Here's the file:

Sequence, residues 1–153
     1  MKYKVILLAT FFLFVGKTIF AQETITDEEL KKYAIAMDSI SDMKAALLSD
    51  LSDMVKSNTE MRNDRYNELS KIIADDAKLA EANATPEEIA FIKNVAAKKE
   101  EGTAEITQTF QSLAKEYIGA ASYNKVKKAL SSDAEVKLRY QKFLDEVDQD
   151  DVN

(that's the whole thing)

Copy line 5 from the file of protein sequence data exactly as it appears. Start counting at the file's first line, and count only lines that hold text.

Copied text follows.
   151  DVN